The idea is to make everything from filters to lighting to lens settings to the most advanced bitrate and recording options available at your fingertips off of your tablet or controller. This one is, however, quite a long way from hitting the shelves.
One of the massive issues that drone pilots have to deal with is the number of hardware restrictions. The biggest of which are the battery life and power restrictions. Even the most expensive of drones still have around 20-25 minutes of flight time per battery and having more than one fully charged battery on you at a time is actually a normal occurrence. Especially if you plan on using your drone for image and video capture.
Drone manufacturers are currently experimenting with different battery solutions as well as trying to design ways in which to obtain a bigger, more powerful battery. Meanwhile, Sunlight Photonics already announced that they will be releasing a drone that is able to use sunlight in order to fly in the near future.
The modding community is playing a massive role when it comes to battery and power solutions. They managed to come up with different workarounds for drones that are severely underpowered, often boosting their battery life by 70-80%. The actual brain of future drones was announced to receive substantial upgrades as well, with the new smart drones being well on their way to the market.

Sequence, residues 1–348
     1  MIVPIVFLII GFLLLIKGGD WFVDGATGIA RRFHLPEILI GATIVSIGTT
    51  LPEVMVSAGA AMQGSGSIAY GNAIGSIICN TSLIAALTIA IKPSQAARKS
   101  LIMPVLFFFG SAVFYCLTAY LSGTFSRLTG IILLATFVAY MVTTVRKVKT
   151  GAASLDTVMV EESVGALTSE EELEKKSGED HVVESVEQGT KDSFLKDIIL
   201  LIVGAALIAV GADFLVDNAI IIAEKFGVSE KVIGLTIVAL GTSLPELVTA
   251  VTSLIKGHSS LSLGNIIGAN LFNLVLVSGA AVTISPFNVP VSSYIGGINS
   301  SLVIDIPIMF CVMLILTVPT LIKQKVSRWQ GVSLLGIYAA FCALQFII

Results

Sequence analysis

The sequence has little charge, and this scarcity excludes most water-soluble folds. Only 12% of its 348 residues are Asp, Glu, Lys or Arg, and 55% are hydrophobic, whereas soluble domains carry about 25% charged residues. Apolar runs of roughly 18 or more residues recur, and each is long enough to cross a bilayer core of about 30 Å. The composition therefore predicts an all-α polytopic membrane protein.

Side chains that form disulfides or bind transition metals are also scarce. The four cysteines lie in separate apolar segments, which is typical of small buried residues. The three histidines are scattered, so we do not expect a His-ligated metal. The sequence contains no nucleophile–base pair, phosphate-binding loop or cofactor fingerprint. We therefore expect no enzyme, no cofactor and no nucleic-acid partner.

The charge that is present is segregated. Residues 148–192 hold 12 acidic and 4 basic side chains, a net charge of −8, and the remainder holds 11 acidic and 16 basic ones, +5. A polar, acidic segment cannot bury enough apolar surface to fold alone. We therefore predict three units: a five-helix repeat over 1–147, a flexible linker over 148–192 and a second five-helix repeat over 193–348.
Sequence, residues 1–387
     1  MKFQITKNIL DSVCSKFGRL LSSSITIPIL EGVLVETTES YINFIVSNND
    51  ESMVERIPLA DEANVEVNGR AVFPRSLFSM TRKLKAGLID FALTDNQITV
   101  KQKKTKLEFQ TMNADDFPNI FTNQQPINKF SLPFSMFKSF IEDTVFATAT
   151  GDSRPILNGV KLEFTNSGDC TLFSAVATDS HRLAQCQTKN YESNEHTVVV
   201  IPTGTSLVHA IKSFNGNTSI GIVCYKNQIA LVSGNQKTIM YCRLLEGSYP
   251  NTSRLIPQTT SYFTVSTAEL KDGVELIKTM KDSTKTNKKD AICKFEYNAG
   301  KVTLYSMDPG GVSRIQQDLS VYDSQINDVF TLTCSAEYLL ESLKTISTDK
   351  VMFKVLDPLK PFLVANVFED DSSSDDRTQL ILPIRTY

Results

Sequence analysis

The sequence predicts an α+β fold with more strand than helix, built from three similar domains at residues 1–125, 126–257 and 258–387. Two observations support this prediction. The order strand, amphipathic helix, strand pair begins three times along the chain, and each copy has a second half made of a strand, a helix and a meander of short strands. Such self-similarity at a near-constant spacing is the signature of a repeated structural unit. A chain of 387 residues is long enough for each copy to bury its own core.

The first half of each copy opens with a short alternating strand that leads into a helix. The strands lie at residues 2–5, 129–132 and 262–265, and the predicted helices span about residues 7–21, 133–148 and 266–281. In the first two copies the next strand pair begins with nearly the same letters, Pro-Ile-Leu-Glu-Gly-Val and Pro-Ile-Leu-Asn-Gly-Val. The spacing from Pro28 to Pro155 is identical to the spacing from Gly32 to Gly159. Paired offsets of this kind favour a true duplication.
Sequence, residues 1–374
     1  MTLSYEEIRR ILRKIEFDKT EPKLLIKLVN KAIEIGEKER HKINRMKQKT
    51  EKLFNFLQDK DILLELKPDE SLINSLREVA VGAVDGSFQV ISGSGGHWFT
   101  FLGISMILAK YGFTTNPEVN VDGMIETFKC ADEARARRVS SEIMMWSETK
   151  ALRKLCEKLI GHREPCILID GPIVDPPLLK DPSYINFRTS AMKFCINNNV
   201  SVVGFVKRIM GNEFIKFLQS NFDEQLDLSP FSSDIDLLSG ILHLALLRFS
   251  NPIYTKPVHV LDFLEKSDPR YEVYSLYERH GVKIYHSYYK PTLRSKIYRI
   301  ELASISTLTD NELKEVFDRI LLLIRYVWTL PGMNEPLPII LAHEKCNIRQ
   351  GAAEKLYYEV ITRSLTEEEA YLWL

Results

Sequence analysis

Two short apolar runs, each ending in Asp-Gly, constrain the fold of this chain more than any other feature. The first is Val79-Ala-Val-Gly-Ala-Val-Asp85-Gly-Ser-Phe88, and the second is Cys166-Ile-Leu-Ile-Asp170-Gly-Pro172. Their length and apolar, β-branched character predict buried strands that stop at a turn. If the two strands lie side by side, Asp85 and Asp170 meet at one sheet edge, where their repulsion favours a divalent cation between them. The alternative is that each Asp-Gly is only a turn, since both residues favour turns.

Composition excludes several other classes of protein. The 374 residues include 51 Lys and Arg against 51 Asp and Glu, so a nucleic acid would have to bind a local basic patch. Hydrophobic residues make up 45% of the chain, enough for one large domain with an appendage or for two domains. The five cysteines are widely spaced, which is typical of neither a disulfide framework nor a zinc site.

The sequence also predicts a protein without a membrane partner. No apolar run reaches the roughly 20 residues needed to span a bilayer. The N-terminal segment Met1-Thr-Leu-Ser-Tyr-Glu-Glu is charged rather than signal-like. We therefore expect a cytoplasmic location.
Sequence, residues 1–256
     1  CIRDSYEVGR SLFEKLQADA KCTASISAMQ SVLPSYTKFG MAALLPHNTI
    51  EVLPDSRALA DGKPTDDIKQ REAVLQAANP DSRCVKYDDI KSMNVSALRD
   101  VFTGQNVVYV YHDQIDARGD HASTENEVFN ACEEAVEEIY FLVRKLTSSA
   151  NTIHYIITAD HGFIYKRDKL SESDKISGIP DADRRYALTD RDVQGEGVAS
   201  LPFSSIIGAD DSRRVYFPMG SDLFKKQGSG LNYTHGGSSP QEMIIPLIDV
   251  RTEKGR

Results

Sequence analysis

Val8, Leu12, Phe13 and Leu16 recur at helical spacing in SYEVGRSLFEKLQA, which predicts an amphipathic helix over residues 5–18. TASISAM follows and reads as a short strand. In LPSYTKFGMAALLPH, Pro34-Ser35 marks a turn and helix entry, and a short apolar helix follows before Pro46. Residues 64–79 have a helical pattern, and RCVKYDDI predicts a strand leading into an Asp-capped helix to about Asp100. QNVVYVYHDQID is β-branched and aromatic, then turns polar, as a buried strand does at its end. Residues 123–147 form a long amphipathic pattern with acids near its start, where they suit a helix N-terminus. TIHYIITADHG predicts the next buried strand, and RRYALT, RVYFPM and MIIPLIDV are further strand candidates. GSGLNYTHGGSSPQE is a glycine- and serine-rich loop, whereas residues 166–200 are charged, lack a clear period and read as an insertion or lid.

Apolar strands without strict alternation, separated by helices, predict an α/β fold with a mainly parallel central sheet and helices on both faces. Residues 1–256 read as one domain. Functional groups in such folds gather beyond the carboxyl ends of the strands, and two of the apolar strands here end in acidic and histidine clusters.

These are basically drones that are outfitted with the equivalent performances of desktop computers, providing the pilot with more than enough processing and computing power in order to handle some of the more intricate and advanced systems out there. The storage solutions that drones come with are also undergoing evolution changes. The first move is to replace the small memory cards with dedicated solid state drives and even expansion bays that allow for increased storage space on demand for extra-long filming sessions and photo shoots.
One last thing to discuss here would be the actual control input that drones come with. The controller itself will be undergoing massive transformations, which have already started to take place. Manufacturers are starting to move away from the big blocky square box controllers with a lot of controls spaced out and spread across it and its edges. The approach that they are all going for is a more user-friendly one; a design that closely mimics gaming console controller design as well as different specific peripherals that can be attached and used depending on the drone and the add-ons that are installed on it.
This makes it a lot easier for pilots to fly, regardless of experience, as well as a lot easier for drone manufacturers to come up with new features and designs for controllers.
Sources: https://en.wikipedia.org/wiki/Kettering_Bug http://www.dehavillandmuseum.co.uk/aircraft/ https://www.goldmansachs.com/insights/technology-driving-innovation/drones/